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Clin Chem. 2008 Jan;54(1):108-15. Epub 2007 Nov 2.

Quadruplex genotyping of F5, F2, and MTHFR variants in a single closed tube by high-resolution amplicon melting.

Author information

1
ARUP Institute for Clinical and Experimental Pathology, ARUP Laboratories, 500 Chipeta Way, Salt Lake City, UT 84108, USA. seippmt@aruplab.com

Abstract

BACKGROUND:

Multiplexed amplicon melting is a closed-tube method for genotyping that does not require probes, real-time analysis, asymmetric PCR, or allele-specific PCR; however, correct differentiation of homozygous mutant and wild-type samples by melting temperature (T(m)) analysis requires high-resolution melting analysis and controlled reaction conditions.

METHODS:

We designed 4 amplicons bracketing the F5 [coagulation factor V (proaccelerin, labile factor)] 1691G>A, MTHFR (NADPH) 1298A>C, MTHFR 677C>T, and F2 [coagulation factor II (thrombin)] 20210G>A gene variants to melt at different temperatures by varying amplicon length and adding GC- or AT-rich 5' tails to selected primers. We used rapid-cycle PCRs with cycles of 19-23 s in the presence of a saturating DNA dye and temperature-correction controls and then conducted a high-resolution melting analysis. Heterozygotes were identified at each locus by curve shape, and homozygous genotypes were assigned by T(m). We blinded samples previously genotyped by other methods before analysis with the multiplex melting assay (n = 110).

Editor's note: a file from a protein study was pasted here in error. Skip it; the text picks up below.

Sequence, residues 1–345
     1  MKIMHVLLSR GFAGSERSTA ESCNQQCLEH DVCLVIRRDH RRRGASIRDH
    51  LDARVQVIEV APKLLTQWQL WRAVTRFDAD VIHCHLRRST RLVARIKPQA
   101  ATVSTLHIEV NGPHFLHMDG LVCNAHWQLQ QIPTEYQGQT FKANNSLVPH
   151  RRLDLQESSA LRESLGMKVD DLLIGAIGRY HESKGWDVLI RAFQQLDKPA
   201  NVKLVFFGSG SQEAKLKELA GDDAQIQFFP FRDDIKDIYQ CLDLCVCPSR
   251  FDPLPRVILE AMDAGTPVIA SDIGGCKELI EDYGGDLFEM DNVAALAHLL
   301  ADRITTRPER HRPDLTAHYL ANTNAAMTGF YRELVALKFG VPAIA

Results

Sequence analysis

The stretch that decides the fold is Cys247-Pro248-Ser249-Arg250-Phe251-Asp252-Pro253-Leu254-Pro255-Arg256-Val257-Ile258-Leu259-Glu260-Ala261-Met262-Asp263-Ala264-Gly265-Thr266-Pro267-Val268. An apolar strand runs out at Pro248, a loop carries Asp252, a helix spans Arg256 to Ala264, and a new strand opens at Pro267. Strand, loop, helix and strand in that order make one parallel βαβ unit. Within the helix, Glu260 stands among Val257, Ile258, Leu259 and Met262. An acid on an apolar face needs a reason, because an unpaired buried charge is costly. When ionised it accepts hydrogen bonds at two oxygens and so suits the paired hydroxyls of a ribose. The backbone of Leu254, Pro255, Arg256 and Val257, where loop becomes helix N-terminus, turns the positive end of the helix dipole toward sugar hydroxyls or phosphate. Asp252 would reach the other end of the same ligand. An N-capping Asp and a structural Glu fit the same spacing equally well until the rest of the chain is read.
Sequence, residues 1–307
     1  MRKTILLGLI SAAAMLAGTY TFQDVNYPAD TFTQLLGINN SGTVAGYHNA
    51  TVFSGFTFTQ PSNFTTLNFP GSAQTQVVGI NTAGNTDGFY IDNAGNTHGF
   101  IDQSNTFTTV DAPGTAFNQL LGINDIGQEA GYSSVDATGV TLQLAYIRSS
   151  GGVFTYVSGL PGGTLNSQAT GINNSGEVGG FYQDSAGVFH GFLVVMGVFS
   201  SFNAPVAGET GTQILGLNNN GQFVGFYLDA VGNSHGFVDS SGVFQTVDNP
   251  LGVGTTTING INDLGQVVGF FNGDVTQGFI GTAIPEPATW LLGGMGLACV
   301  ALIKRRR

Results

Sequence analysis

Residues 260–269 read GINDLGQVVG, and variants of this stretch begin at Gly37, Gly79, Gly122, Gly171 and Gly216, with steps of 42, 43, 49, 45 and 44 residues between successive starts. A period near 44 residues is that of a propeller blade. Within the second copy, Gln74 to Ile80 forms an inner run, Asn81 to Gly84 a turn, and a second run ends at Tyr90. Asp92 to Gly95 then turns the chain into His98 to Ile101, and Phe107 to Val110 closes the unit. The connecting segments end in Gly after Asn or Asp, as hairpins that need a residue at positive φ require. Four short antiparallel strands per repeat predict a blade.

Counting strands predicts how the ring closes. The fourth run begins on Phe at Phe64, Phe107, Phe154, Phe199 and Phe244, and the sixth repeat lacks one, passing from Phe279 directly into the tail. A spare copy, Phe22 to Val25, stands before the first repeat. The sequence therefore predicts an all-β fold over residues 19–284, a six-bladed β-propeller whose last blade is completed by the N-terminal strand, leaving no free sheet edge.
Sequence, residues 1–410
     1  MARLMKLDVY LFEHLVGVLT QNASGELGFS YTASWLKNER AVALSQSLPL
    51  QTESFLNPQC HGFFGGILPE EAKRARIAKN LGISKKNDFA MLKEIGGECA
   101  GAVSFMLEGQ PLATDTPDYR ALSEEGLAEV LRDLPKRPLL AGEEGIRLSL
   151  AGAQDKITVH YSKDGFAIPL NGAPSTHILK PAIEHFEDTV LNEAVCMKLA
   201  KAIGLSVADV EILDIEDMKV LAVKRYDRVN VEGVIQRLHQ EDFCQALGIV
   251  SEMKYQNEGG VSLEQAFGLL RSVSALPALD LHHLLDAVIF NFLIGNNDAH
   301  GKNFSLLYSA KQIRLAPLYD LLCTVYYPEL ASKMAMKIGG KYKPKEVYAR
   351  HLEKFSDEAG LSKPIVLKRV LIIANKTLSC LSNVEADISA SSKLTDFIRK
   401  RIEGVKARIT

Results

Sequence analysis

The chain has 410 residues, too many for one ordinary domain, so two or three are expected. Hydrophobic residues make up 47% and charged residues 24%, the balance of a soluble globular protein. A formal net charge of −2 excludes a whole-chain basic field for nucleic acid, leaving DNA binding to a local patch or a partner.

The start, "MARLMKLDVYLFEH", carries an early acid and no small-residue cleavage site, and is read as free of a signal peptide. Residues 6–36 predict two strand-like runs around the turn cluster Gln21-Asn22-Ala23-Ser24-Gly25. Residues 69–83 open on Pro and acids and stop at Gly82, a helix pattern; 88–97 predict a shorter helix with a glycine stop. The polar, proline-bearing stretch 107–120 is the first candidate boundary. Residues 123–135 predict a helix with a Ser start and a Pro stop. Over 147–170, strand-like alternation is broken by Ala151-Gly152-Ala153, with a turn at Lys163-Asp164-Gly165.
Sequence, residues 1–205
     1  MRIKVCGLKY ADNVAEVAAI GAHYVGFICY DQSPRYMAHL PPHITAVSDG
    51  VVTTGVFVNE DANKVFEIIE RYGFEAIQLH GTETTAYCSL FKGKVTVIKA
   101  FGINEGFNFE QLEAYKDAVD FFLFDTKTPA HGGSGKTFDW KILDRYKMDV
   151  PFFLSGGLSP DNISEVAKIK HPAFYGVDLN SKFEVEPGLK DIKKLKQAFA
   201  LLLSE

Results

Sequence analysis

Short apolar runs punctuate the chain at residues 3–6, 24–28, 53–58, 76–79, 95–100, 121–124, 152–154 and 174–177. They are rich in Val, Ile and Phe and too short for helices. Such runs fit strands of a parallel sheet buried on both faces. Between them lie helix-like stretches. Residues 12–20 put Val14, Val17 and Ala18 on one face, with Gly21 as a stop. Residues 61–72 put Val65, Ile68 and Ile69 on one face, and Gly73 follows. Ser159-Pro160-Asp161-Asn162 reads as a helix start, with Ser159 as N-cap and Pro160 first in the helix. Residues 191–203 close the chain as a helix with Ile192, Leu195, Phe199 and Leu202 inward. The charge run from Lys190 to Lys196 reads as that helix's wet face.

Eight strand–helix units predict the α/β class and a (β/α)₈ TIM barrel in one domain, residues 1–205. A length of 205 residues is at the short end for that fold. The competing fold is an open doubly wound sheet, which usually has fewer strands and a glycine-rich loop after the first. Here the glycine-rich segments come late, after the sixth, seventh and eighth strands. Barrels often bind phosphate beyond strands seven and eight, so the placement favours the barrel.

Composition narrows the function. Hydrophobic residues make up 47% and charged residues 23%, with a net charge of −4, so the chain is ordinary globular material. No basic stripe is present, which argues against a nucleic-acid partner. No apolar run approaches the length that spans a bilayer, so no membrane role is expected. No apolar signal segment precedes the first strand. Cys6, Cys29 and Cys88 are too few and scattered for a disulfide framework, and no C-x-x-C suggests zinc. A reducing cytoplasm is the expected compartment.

RESULTS:

All samples were correctly genotyped with the exception of 7 MTHFR 1298 samples with atypical melting profiles that could not be assigned. Sequencing revealed that these 5 heterozygotes and 2 homozygotes contained the unexpected sequence variant MTHFR 1317T>C. The use of temperature-correction controls decreased the T(m) SD within homozygotes by a mean of 38%.

CONCLUSION:

Rapid-cycle PCR with high-resolution melting analysis allows simple and accurate multiplex genotyping to at least a factor of 4.

PMID:
17981920
DOI:
10.1373/clinchem.2007.097121
[Indexed for MEDLINE]
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